The money is kept in a shallow cardboard box over to the left hand side of the shop, which means Tambara is constantly having to shuffle back and forth with every purchase. You make sure you ask for your goods in one go.

Tambara's maths are somewhat erratic, and his skills on the calculator dubious. If your shopping list exceeds eight items or so, you're in for a long haul. Since prices go up all the time in Venezuela, you never know whether he's conning you, made an honest mistake or whether he really does know what he's charging.

He must have suffered a lot of abuse over the years. The village is very remote, and therefore prices high. They're not as astronomical as some gold-rush villages, but they're still a good twenty percent higher than in the nearest town; which gives people the right to call him a thief, a robber-baron and whatever else comes to mind when they can't afford food for their family's dinner. But when you look at his house, at the state of him, it's hard to follow that line of argument. If he had a Mercedes parked outside, I'd be right behind the abusers. But he doesn't even have a car.

His clothes are ragged, holy and make you wonder whether they know what better days are. He is permanently stooped from years of panning, as if he were always about to pick something up off the floor, and his house consists of a room with a hammock, a room with a gas stove, and a metal sheet-boxed hole in the corner of the garden. A friend of mine once told him a swim in the river would do him good. He answered he couldn't remember the last time he'd even had a bath.

He's been ill quite a bit lately too. He's had to get other people in to run the shop. I find that very off-putting, since they serve you far too quickly and get the prices right nearly every time. It somehow takes the fun out of spending my money. When Tambara's sitting outside on his use-sanded once-blue (I think) tables and benches, you feel guilty about asking him to get you something. I've offered to get the things I want myself but he won't have it. He cranes his way to his feet, using the creaking table for support, and gropes his way into the darkness of the shop. The transaction over, he sits back down with a thump.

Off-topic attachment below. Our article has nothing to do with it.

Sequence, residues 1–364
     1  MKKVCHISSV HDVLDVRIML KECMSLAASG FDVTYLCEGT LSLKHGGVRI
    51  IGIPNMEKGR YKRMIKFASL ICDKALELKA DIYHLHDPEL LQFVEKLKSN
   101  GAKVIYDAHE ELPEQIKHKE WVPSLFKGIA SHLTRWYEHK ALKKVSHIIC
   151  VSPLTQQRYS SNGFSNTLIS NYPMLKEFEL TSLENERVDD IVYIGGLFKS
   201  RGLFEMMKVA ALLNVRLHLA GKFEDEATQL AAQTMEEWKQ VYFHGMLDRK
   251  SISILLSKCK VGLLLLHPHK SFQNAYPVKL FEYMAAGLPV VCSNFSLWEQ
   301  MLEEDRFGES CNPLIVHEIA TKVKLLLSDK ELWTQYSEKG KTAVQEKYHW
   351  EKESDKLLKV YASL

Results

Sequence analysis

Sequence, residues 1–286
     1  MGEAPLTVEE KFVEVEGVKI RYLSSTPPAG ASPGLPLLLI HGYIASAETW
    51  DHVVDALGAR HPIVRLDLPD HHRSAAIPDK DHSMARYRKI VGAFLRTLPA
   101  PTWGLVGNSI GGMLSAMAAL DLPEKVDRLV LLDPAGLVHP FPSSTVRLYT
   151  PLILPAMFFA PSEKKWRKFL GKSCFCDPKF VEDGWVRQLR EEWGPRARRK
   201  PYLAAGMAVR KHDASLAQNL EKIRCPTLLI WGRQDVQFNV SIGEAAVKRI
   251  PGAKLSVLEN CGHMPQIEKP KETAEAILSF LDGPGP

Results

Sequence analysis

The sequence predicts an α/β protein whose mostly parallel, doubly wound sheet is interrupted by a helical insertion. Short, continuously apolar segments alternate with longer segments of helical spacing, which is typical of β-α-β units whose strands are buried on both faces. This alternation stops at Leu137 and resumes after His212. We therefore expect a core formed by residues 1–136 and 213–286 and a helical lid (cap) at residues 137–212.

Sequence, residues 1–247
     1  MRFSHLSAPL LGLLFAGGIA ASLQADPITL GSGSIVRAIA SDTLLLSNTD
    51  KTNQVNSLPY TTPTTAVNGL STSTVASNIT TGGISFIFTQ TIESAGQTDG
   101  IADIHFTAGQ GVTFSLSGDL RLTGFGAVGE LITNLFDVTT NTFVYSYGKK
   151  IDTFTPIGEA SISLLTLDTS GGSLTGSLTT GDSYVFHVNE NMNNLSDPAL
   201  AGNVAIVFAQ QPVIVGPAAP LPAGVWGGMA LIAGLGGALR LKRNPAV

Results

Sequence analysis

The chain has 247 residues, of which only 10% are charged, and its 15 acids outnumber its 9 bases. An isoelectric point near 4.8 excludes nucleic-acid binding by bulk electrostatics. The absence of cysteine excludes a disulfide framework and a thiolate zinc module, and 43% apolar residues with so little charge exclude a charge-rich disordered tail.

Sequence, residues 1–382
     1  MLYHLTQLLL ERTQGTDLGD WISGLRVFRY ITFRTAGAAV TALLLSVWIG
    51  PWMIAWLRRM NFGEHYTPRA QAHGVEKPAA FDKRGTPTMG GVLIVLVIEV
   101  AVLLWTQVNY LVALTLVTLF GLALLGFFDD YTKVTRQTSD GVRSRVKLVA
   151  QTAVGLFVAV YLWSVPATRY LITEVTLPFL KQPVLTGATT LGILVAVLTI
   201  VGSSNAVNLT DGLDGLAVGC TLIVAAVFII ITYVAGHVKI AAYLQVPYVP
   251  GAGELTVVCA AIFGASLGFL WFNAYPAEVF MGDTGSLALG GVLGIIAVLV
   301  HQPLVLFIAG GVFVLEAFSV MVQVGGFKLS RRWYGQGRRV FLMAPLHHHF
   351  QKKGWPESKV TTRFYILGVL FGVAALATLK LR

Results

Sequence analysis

He must have been a handsome man when he was young I reckon. His features are fine still, his eyes have a definite sparkle and his skin is a rich dark brown. I don't know whether he ever got married, or had kids. I've got the feeling he never did, which is why he's so grumpy at times. But maybe he's grumpy because he did.

He's there every day without fail, opening up at eight in the morning and closing the shop at nine, in his own time, in his own inimitable way. After that you have to go down to the other general store if you want a beer.

He must be in his sixties now, and I wonder what will happen to him as he slowly deteriorates. Will he sell the shop and move on -- to where? Or will the new owners allow him to live on in the house? I wonder whether he knows what a pension is. And how things could have been different if he'd been careful with all the thousands he had all those years ago; or if Barabas hadn't run off with the booty.

But Tambara doesn't seem to worry about such things. Anyone who calls their shop La Lucha por la Locha ("the fight for the fiver" or "the duel for the dime") must know something about life and the cards destiny deals.

I read something about Barabas a while later. He said he had no regrets about blowing all his money on booze and women.

"I had the time of my life, and wouldn't have had it any other way," he said.

That's my boy...


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Travels in the Lost World -- © Dominic Hamilton 2002-7